In January I celebrated my 30th anniversary as the leader of Share the Care. When I started in 1989 I was 28 years old. I had a degree in Gerontology, the study of aging, and a personal mission to do good work as a public servant. While I was committed to serve those who were older and their caregivers, I was neither old nor had I ever been a caregiver. Oh my, the things I have learned in these 30 years...
In the early years I learned that people don't want you to fix all of their problems or challenges. They just want a little help and to feel connected to a community of people like themselves. Getting a break to take care of themselves may seem a small thing to people looking from the outside in -yet - so many times over the years I have heard that it made all the difference. Connecting with others either through support groups, educational forums and retreats creates the opportunity to support and learn from others while gaining the strength to face the future. I have seen lifelong friendships develop between caregivers who were surprised and grateful to learn they were not alone.
More recently, I have realized that I have changed. I am no longer too young to personally identify with the needs of caregivers. In fact, I joined the "club" myself several years ago when I cared for my mother through her battle with terminal colon cancer. This experience brought me to a new level of understanding about why families care for those they love and why there are so many emotions involved. I can now say I have been there.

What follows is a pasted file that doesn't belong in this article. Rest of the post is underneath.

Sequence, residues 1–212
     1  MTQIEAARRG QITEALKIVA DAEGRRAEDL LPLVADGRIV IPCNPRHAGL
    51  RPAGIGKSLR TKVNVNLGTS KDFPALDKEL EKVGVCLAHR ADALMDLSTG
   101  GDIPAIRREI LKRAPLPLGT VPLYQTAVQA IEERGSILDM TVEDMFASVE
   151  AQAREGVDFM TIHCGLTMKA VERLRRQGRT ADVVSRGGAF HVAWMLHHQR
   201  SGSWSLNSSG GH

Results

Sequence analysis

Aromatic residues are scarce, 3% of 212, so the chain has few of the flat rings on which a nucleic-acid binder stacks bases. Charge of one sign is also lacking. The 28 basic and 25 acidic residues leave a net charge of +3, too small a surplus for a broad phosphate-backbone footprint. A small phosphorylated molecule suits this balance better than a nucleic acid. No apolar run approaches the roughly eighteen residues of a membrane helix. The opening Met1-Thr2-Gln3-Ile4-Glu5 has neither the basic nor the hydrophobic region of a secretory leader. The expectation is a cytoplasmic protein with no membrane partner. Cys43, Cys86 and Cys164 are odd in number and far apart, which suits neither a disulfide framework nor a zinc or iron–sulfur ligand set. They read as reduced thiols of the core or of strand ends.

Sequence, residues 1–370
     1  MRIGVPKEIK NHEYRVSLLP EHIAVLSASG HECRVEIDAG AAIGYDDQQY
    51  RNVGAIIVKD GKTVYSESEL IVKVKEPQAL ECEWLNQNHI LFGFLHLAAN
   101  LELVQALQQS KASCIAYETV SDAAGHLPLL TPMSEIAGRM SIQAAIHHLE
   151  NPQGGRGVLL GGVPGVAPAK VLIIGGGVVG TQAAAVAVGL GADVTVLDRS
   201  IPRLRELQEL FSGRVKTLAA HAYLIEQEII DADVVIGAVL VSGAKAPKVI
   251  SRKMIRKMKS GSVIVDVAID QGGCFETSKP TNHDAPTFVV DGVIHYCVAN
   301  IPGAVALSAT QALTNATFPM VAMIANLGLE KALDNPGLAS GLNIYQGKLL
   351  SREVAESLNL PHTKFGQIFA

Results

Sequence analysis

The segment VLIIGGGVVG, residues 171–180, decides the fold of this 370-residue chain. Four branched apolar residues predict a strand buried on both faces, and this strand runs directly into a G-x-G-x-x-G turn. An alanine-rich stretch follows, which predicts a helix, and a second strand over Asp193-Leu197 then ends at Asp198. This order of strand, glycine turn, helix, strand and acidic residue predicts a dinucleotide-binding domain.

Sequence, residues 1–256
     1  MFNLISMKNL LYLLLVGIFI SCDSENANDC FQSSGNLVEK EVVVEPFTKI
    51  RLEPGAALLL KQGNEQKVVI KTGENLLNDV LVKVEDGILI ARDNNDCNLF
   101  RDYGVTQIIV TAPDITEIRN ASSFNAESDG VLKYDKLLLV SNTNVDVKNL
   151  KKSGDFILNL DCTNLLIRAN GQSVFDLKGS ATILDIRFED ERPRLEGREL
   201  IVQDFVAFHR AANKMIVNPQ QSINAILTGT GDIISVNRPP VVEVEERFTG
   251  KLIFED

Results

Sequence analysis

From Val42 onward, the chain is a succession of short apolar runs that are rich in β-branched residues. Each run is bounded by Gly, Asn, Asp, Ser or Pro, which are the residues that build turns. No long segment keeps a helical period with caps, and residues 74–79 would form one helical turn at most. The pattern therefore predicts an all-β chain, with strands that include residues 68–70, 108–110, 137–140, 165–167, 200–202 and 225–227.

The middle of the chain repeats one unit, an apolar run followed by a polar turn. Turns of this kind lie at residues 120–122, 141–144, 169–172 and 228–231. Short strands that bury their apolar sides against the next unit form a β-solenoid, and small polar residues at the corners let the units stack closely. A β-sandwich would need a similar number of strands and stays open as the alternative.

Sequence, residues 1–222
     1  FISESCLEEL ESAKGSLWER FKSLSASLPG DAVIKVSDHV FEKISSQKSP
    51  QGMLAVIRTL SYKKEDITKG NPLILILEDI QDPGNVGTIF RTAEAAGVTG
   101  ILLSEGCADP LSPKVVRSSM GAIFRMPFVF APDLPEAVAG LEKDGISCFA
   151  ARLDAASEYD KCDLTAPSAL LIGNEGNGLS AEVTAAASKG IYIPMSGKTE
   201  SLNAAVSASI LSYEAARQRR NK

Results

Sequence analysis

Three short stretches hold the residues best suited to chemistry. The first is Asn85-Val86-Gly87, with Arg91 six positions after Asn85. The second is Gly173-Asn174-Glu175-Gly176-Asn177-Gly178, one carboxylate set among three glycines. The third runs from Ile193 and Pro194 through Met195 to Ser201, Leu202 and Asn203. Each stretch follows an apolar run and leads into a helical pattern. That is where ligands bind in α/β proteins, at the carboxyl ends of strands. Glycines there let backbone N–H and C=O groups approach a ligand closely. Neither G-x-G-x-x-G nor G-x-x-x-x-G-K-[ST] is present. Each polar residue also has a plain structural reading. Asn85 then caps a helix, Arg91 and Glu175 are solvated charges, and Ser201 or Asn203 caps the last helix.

Four years ago I married the man of my dreams, Patrick. When we were dating I said to him that because of our ages, then 54 and 57, we were not just choosing a life partner we were choosing our future caregiver. Definitely not how my mind was working when I met and married my first husband in my twenties.
So 30 years is a long time but also a time of personal evolution. My personal circle of life. I have learned so much from so many over these years. I have been enriched by knowing hundreds, possibly thousands, of caregivers who have shown me what love is. I have been privileged to work with hundreds of the most caring and professional staff in the world. I have been given the opportunity to help to build programs that enhance quality of life for so many. And I'm not done yet!
The biggest lesson of all has been that people are, for the most part, good. They want to do the right thing. They care for people out of love not just responsibility. As my favorite feel good song, Nature Boy concludes, "The greatest thing, I ever learned, was just to love and be loved in return." Now to spend the next 30 years living out that lesson!